"It was dis Parson Herron dat brought my folks on down here to Texas. He den got a laghe cotton plantation at Gonzales. He brought some one hunnert and sixty odd slaves to Texas. De Herrons had five chillun.
"Mummy's name was Tempe Whitehead. She had thutteen chillun. I am de only one of 'em livin', I think. I did have a brothaw up in Little Rock, Arkansas. I kain't even remembah de names of my brothaws and sistahs no mo'e.
"My mummy was a low, heavy-bodied woman. She was a midwife de biggest paht of de time. Whenever de neighbors wanted her, she was sent over to wait on 'em. I don't know whether she got paid or not. Dey always took her to her job and got her again when she was through. Mummy died twenty seben years ago on last November 25. She was buried on a Thanksgivin' day. She was one hunnert and ten years and eight months old.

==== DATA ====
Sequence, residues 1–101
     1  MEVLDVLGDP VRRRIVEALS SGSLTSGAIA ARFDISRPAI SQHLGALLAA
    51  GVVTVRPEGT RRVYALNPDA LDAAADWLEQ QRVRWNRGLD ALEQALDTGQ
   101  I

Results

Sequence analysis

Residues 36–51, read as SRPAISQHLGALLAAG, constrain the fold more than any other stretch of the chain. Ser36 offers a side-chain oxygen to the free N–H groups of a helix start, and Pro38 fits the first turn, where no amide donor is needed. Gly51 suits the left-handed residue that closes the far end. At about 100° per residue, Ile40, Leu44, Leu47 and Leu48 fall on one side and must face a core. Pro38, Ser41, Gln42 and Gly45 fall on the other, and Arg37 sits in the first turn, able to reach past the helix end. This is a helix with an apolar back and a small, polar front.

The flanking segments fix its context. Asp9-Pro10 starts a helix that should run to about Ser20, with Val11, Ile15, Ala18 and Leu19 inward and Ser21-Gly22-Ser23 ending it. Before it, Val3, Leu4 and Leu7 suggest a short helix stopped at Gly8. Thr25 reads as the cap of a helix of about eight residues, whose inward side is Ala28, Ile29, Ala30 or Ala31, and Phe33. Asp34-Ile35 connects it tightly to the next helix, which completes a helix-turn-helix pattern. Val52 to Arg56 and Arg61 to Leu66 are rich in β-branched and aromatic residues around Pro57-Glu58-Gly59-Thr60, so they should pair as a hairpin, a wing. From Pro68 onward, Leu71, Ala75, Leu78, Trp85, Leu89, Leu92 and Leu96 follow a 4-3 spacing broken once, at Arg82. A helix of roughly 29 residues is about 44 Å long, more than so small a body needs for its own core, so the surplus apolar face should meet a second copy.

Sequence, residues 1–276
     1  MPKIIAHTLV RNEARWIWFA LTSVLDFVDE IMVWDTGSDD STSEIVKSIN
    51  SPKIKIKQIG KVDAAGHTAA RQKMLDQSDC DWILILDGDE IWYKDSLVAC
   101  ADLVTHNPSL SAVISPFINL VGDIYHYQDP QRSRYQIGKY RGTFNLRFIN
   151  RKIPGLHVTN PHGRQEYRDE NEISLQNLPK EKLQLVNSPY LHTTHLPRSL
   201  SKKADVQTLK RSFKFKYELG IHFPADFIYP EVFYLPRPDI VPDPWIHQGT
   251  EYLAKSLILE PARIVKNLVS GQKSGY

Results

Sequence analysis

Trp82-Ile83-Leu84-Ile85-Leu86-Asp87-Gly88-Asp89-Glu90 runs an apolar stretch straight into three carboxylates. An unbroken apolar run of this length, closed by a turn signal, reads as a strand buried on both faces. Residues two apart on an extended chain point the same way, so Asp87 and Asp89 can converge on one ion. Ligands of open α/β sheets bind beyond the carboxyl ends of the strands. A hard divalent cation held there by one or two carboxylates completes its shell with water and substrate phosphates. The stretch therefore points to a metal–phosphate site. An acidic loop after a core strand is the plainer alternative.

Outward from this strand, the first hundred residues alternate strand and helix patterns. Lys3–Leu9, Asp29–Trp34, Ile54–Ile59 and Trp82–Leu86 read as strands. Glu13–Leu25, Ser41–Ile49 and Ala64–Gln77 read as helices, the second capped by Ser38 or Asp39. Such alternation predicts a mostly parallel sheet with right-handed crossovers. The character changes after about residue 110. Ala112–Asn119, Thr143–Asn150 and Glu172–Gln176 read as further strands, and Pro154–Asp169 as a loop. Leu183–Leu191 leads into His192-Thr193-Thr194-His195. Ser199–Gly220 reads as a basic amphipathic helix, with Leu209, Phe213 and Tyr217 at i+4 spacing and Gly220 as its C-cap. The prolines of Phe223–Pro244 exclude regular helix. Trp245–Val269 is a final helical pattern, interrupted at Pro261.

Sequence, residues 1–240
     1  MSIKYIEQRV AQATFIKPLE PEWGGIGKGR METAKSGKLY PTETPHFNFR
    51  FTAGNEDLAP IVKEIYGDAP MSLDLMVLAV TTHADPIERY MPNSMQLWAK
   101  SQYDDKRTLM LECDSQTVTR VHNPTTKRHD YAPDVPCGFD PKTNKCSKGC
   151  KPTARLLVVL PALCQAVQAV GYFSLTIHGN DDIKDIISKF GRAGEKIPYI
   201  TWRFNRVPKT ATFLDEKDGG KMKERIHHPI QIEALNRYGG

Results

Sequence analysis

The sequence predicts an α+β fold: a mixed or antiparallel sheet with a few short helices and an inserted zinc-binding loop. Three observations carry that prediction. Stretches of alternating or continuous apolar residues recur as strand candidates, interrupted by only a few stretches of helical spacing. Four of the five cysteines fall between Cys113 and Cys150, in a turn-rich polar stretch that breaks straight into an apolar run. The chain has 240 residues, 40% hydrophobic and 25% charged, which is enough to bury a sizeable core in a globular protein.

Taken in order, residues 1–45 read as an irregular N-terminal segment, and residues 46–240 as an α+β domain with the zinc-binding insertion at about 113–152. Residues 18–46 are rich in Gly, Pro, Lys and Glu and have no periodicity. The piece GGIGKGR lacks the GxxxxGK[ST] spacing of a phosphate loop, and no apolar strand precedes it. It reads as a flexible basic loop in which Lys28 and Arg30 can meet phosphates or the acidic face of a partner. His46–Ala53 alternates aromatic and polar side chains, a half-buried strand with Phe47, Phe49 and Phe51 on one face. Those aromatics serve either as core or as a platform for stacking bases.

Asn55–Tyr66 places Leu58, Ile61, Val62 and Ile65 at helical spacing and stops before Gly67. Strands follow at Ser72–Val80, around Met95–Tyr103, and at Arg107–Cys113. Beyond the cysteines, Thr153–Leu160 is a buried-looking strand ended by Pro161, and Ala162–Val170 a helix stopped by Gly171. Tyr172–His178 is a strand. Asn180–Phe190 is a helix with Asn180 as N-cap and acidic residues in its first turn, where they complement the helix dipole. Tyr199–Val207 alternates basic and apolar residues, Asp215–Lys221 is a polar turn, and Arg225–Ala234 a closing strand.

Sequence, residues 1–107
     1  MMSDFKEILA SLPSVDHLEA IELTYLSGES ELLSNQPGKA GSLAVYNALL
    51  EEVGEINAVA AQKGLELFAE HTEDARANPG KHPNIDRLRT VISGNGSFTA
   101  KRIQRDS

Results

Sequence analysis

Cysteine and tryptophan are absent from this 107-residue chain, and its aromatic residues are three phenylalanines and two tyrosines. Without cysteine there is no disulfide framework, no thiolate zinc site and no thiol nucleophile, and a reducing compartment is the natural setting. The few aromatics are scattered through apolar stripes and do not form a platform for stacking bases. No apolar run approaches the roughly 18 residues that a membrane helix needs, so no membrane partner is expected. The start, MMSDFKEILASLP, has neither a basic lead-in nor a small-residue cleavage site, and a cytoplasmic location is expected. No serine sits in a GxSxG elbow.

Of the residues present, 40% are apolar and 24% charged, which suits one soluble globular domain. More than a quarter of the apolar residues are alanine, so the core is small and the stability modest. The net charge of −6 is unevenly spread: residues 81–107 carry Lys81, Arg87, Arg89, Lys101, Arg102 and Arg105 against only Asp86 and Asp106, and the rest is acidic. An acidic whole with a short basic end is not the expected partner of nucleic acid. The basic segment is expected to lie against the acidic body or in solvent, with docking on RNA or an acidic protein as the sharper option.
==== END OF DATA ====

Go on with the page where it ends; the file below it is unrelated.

"She was a good midwife. Sometimes she had to help in de fields, though. We lived in a little log cabin on de Herron place. Frances was my oldest sistah and she done most of de cookin' fo' us chillun. A certain amount of food was give to us each week, and it had to last us dat time. We'd git a bushel of dis and a bushel of dat. Dat sure had to last us fo' de week.
"Fathaw was Jim Whitehead. He was a tall, broad man, and he was part Cherokee Injun. Fathaw was called a extra-good blacksmith on de Herron plantation. He could make a key, or a plowshare, or anything else dat had to be made by hand. He was mighty good at shoein' hosses and later in life he worked on de stage lines and shoed all of de hosses. Dem hosses on de stage line never did know whut it was to go in a easy trot, 'cause dey was made to lope all of de time. I was small at dat time and I never did git to ride in a stage coach, but we could always see 'em, 'cause dey passed right by de Herron place. We heard how a lot of times de folks in de stage coaches was held up and robbed. De little white chillun would read about it and den git to talkin' about it.